Said one Yankees insider Monday night: “I don’t see us being any more comfortable being in that clubhouse [on Tuesday] than we would have been today.”
Boone, however, said late Tuesday afternoon, based on what he heard of the extensive cleaning the visitors' clubhouse had undergone since the Marlins departed, “Had they said go in today I would have felt Ok” about his and his players’ safety.
Boone and Cashman both, unprompted, praised the players’ response to the last-minute changes and their ability to adjust, on the fly, to the inconveniences of an unprecedented time.
“I do feel like we are uniquely equipped to handle that,” Boone said. “Again, I think it’s one of those things that’s going to be critical if you’re going to have success on the baseball field this year is you’re going to have to be able to deal with the curveballs that can likely come on a daily and weekly basis.”
In Tuesday's announcement, MLB said it has conducted more than 6,400 tests since July 24, and no other teams have had any new positive cases of on-field personnel. Through July 23, 99 of the 32,640 samples — 0.3% — were positive, the league said.
"The difficult circumstances of one club reinforce the vital need to be diligent with the protocols in all ways, both on and off the field," MLB said. "We will continue to bolster our protocols and make any necessary adjustments. The realities of the virus still loom large, and we must operate with that in mind every day. We are confident that clubs and players will act appropriately, for themselves and for others, and the data provides reason to believe that the protocols can work effectively."
MLB commissioner Rob Manfred did not address Monday’s events, to the frustration of more than a few in the sport, until that night on the league-owned MLB Network.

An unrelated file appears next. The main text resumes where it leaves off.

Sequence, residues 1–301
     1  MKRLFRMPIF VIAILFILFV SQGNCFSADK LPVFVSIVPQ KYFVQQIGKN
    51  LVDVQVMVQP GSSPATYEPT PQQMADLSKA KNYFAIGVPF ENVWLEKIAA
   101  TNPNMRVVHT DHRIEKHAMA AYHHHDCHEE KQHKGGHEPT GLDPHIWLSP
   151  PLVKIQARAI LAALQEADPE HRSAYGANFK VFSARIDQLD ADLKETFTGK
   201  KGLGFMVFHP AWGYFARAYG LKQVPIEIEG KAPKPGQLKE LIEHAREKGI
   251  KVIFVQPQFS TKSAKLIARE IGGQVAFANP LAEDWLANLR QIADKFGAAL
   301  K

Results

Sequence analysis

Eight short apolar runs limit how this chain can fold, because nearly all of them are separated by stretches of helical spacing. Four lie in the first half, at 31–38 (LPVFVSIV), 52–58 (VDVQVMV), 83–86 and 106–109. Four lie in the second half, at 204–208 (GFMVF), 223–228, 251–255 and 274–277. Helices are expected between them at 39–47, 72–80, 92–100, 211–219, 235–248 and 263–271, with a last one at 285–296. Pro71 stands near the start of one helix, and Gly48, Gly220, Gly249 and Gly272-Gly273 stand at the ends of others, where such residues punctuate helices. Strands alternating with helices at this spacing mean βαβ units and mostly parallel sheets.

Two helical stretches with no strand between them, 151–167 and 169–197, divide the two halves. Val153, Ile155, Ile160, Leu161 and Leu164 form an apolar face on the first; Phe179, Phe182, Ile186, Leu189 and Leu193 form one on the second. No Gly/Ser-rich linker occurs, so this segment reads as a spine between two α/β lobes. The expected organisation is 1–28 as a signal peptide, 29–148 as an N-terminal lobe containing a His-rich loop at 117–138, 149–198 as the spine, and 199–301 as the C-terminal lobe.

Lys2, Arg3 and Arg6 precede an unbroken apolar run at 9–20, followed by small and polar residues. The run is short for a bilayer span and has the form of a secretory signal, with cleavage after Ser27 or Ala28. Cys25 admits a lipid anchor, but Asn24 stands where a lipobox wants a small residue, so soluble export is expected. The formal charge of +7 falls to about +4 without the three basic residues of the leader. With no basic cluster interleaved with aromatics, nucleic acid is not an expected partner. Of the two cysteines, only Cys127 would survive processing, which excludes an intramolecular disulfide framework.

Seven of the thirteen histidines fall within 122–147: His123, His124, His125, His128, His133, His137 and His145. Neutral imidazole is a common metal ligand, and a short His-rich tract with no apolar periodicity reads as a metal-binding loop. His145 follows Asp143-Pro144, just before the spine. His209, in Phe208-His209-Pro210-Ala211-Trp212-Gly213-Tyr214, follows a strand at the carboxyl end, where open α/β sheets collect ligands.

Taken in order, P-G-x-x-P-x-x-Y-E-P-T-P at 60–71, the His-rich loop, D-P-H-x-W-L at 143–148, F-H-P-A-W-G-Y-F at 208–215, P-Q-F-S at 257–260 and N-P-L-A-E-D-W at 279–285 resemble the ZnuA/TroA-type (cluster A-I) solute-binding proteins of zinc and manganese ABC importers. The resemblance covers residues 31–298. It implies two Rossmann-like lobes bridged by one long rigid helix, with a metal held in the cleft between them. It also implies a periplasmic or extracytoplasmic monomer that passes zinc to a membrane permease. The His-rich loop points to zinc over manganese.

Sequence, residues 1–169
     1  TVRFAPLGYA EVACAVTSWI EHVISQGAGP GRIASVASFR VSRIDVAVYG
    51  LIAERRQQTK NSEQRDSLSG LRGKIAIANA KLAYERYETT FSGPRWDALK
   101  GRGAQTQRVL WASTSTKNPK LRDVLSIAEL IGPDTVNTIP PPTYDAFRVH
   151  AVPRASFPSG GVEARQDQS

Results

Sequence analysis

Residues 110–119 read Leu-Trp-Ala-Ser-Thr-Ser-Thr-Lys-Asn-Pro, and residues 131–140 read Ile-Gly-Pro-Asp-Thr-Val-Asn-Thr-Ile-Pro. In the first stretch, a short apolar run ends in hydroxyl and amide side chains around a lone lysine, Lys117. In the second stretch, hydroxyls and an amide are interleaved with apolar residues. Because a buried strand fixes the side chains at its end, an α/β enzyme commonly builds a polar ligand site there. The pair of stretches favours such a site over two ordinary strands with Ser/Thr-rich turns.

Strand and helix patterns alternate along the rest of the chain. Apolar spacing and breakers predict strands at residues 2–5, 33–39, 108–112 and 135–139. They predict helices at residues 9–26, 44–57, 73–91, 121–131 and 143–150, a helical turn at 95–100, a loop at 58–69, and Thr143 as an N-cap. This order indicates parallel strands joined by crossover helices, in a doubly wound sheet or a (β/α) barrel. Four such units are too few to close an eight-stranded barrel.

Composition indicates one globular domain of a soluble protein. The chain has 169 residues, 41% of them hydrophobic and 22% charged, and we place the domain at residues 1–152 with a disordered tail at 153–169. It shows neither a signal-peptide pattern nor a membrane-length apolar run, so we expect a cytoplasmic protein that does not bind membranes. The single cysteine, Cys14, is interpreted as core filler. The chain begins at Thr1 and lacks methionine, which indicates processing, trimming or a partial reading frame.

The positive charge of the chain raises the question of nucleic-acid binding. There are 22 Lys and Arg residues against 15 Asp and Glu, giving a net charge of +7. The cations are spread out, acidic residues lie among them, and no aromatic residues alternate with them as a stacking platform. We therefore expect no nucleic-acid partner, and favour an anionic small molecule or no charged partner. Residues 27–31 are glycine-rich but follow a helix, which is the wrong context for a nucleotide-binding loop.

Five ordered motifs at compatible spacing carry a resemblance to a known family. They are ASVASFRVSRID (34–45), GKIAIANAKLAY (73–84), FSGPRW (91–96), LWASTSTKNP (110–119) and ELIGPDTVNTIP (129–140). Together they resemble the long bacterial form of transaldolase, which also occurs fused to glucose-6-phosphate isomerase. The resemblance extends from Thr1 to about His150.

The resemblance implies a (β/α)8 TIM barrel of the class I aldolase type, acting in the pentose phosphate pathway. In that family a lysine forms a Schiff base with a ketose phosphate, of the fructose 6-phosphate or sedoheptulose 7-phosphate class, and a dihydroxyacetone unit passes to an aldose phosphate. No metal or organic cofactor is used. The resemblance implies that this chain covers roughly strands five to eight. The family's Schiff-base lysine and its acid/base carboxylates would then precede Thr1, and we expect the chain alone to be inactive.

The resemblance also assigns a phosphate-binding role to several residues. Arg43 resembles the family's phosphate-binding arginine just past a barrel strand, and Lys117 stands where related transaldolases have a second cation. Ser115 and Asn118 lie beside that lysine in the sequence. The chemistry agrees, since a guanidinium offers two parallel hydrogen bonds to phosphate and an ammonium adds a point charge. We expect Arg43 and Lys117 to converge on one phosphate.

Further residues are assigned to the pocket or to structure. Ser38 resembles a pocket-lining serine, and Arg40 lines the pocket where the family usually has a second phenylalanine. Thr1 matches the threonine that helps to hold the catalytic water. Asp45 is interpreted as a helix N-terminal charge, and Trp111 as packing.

“I don’t put this in the nightmare category,” Manfred told the network. “Obviously, we don’t want any player to get exposed. It’s not a positive thing. But I don’t see it as a nightmare. We built the protocols to allow us to continue to play. That’s why we have the expanded rosters. That’s why we have the pool of additional players.”
There were plenty in the league, though, who viewed the Marlins'situation as closer to a nightmare, with Nationals manager Dave Martinez’s comments among the most powerful.
“I’m going to be honest with you, I’m scared, I really am,” said Martinez, who in addition to worrying about his players has a heart condition of his own. “I go from here, home, back here every day, that’s all I do. I wash my hands. I went from 47 times a day to probably 99 times a day. Wear my mask everywhere I go. But there’s always that concern, you know . . . you don’t know, because of my heart condition, what happens to me if I do get it. I have to be extra careful. With that said, sometimes I tend to put myself aside and worry about other people more than me. I think that’s why I’m here, because I worry about those guys before I put myself first.”